Jane Garvey has revealed she left Woman’s Hour because she was getting too ‘cosy’ – adding that she has always found Radio 4 listeners a ‘puzzling breed.’
The broadcaster, 56, signed off her final show after 13 years on January 1 – declaring that it ‘needs to move on and now it can’ – and has now been replaced with Emma Barnett.
‘I only left because I could have stayed, cosy in my velvety rut,’ she said, speaking to Radio Times. ‘And I’m not sure that would have been a good thing for me or the programme, which is approaching its 75th birthday this autumn.’
She went on to say that when she started presenting Woman’s Hour in 2007, she was made to feel ‘about as welcome as a woman who arrives in a remote village and immediately assumes control of the WI without so much as a by-your-leave.’
Jane Garvey (pictured), 56, has revealed she left Woman’s Hour because she was getting too ‘cosy’ – adding that she has always found Radio 4 listeners a ‘puzzling breed’
The broadcaster has now been replaced with Emma Barnett. Pictured, on her first day hosting Woman’s Hour on Radio 4
‘My sins were manifold, but chief among them was the undeniable fact that I was not somebody else,’ she continued. ‘Dedicated listeners to Radio 4 are what you might call “resistant to change”.
‘I have always found them a somewhat puzzling breed: I love radio, ALL radio, and while there’s a lot to admire about a great deal of what Radio 4 has to offer, it’s never been the only thing I listen to. Good job I didn’t say that in 2007 — things would have been even worse.’
During Emma’s first time hosting the radio show last Monday, she read out a special message from the Queen, who had sent her ‘best wishes’ to mark the 75th year of the BBC‘s Woman’s Hour.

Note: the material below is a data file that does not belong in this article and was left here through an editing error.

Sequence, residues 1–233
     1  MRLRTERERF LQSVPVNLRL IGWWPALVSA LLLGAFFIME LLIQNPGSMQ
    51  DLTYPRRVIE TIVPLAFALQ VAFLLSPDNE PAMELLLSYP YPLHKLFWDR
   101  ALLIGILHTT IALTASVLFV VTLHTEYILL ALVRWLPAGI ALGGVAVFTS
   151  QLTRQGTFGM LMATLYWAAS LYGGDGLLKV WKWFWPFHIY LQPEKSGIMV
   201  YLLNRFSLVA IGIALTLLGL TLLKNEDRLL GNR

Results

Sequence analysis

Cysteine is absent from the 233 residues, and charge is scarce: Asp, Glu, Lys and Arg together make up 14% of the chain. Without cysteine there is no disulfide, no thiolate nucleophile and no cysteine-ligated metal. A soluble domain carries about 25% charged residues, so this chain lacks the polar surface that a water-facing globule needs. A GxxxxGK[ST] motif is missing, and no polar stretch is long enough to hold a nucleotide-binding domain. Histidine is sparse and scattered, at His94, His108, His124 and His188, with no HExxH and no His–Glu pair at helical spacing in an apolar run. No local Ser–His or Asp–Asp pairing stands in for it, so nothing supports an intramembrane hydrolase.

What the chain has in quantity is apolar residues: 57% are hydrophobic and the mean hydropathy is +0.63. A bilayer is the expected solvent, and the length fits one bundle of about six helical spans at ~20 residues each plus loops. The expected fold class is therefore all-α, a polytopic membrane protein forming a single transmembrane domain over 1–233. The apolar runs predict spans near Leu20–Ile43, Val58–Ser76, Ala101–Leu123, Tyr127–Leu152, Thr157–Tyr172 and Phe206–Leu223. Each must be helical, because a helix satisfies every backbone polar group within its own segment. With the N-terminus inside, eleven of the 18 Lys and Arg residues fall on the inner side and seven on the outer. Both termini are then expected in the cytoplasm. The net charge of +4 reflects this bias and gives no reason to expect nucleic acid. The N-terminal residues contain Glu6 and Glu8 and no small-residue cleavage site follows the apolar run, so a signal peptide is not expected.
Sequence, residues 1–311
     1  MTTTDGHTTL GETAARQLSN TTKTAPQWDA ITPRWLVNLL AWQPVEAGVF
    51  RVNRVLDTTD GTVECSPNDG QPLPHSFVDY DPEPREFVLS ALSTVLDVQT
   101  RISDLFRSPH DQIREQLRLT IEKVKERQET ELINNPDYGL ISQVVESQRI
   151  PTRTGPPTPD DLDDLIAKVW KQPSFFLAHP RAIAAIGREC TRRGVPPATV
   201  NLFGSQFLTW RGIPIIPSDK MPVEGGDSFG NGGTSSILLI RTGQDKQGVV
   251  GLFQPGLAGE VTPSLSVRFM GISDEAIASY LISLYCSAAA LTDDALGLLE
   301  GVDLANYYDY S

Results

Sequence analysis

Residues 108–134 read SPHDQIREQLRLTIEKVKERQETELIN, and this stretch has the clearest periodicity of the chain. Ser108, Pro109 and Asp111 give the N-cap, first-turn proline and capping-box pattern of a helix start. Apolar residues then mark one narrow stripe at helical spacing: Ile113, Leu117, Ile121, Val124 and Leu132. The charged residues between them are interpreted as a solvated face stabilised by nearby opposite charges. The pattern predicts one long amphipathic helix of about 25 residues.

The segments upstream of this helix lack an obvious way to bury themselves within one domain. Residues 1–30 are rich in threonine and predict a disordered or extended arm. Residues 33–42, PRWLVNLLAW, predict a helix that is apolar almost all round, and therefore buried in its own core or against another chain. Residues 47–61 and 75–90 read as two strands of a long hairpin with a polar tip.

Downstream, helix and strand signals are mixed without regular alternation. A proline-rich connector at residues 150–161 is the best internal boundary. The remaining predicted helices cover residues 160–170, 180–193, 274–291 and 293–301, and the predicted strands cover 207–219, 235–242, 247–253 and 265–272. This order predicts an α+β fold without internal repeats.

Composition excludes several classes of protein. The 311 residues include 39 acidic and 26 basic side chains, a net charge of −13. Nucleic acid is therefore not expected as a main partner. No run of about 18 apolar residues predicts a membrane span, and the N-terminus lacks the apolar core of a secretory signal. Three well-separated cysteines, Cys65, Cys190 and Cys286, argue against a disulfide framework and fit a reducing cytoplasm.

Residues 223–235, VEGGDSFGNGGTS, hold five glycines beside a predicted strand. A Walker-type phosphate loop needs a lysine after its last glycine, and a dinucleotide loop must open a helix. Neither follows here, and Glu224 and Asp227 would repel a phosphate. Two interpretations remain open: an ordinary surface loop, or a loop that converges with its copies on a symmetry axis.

It said: ‘As you celebrate your 75th year, it is with great pleasure that I send my best wishes to the listeners and all those associated with Woman’s Hour.
During this time, you have witnessed and played a significant part in the evolving role of women across society, both here and around the world.
Jane Garvey’s interview appears in this week’s issue of Radio Times. Pictured, the cover
In this notable anniversary year, I wish you continued success in your important work as a friend, guide and advocate to women everywhere.’
Commenting on the moment she heard the message from Her Majesty being read out, Jane told the publication she was ‘sat seething at home, arguing with a teenager about a malfunctioning printer.’
‘Terrific,’ she joked. ‘Thirteen years on that beat and I never once heard a word from Her Maj. I resisted the temptation to dive straight into the biscuit barrel in despair, but only just.’
Following her decision to leave Radio 4, Jane previously told listeners: ‘During the course of these cataclysmic years on Woman’s Hour, I’ve learnt that actually, for all sorts of reasons, women have to be that bit better, we have to try harder (than men), it’s going to be a bit tougher for us.’
Dame Jenni Murray, 70, also left the programme.
Jane said: ‘It’s not just a radio programme. It’s one of ‘the’ radio programmes and I’ve had a chance to do it. The programme needs to move on and now it can.’
Last month she said it was in danger of focusing on topics such as the transgender debate at the expense of issues that mean most to listeners.
The radio host also said she did not think the audience believed the subject was the ‘most controversial or the most important thing we could be talking about’.
The show’s host Emma Barnett (pictured) read out a special message from Her Majesty on her first episode (pictured)
When she was asked by a listener whether it was time to have more interviews with transgender and gender-fluid people on the programme, she replied: ‘Well, in answer to that, over the last couple of years I have interviewed more trans-women than trans-men on Woman’s Hour.
‘So that tells you something and people need maybe to think a little bit about that.’
She added: ‘I have also been called anti-trans and anti-women. I’ve been called too feminist. I’ve been called not feminist enough.’
‘It is genuinely a very, very, difficult area. We are never going to please everybody listening when we talk about it.
‘I’d also have to say from a purely practical perspective, is this the issue that vexes our audience more than any other?
‘Do they think of it as the most controversial or the most important thing we could be talking about? No! I honestly don’t think they do.’